Last week, sources told The Real Deal that developer Sioni Group was planning a 15-story office building at 44 West 37th Street in the Garment District. Now, those plans have materialized at the Department of Buildings.
The dilapidating and vacant four-story, 6,680-square-foot industrial building at 184 Fourth Avenue, located on the corner of Degraw Street in northern Gowanus, is set to be converted into office space, DNAinfo reported. Brooklyn-based property owner Henry Azcue is leading the conversion. The ground and cellar levels will host a single-car garage and storage space, while office space will fill the second through fourth floors. Scott Schnall’s Brooklyn-based architecture firm is the architect of record. Though work on the conversion has yet to begin, the exterior benefits from a previous clean up.
Plenty of attention has been paid to Oxford and Related’s Hudson Yards, but just next to that mega-development is another. That is Manhattan West, from developer Brookfield Properties, and its first new office tower is quickly rising above ground.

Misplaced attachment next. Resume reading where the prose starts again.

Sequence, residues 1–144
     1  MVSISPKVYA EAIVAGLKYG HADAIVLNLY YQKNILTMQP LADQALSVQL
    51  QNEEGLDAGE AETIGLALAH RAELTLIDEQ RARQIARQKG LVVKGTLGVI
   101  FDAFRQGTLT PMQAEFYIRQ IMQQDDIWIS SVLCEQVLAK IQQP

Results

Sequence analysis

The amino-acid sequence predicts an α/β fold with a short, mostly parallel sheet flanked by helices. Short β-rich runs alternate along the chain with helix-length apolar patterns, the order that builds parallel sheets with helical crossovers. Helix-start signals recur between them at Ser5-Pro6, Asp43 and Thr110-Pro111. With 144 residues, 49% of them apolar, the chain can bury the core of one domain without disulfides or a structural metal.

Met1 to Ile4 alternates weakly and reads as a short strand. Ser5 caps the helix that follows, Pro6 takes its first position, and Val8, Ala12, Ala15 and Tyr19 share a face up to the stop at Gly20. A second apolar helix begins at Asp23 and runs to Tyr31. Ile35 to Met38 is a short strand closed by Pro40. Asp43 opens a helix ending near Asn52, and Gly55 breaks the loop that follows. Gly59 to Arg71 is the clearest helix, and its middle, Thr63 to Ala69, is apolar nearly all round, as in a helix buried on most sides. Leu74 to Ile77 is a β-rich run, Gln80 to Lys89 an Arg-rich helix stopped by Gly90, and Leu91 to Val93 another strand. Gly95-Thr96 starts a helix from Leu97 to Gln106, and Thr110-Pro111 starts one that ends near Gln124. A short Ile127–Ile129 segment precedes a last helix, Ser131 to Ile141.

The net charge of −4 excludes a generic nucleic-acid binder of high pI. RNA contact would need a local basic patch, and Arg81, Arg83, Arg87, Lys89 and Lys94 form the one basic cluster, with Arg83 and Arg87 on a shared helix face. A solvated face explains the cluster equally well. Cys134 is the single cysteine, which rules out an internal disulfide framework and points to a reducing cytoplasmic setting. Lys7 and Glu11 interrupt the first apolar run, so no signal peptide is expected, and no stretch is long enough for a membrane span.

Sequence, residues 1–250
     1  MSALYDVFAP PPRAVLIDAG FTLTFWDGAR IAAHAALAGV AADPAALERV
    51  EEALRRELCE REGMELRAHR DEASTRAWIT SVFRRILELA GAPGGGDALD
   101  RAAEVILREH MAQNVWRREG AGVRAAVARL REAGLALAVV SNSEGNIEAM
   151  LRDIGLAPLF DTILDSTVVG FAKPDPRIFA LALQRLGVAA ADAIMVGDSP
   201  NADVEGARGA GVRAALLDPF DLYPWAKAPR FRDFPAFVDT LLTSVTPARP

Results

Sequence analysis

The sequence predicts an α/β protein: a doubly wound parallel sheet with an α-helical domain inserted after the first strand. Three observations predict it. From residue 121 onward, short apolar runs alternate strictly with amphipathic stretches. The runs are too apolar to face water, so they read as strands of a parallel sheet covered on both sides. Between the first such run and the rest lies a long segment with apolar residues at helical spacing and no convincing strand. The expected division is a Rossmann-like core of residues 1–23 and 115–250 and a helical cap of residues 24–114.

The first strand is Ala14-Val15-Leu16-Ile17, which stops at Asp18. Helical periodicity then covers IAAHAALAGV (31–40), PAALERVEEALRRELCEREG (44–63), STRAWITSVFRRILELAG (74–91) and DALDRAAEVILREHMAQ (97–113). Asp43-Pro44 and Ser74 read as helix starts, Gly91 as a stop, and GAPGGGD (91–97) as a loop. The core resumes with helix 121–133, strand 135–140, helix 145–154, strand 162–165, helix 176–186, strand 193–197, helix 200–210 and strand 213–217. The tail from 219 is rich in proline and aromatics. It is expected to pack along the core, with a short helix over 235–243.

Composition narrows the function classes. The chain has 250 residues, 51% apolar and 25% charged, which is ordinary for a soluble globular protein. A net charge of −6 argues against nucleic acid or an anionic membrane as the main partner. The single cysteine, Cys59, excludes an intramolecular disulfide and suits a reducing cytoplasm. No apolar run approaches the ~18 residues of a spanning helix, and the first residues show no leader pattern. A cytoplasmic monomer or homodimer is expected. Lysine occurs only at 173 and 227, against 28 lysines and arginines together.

Since it was entirely below-grade back in January, construction is now up to the seventh floor on the 33-story, 270-unit mixed-use building planned at 120 Nassau Street (a.k.a. 199 Jay Street), in Downtown Brooklyn. The latest photo is courtesy of Tectonic, who posted it to the Forums. The latest building permits indicate a 313,093-square-foot, 425-foot-tall structure is in the works. It will include retail space on the ground floor, office space on parts of the second through eighth floors, and residential units across the rest of the second through eighth floors, as well as the 10th through 32nd floors. The units should average 854 square feet apiece, indicative of rental apartments. A slew of amenities will accommodate the apartments. The Clarett Group is the developer and Woods Bagot is behind the architecture. Completion can probably be expected in 2017 or 2018.
Demand for new retail and office space is rising across Brooklyn, from tony waterfront neighborhoods like Williamsburg to middle-class immigrant enclaves in the southern part of the borough. Down on Kings Highway in Sheepshead Bay, a five-story retail and office development is in the works.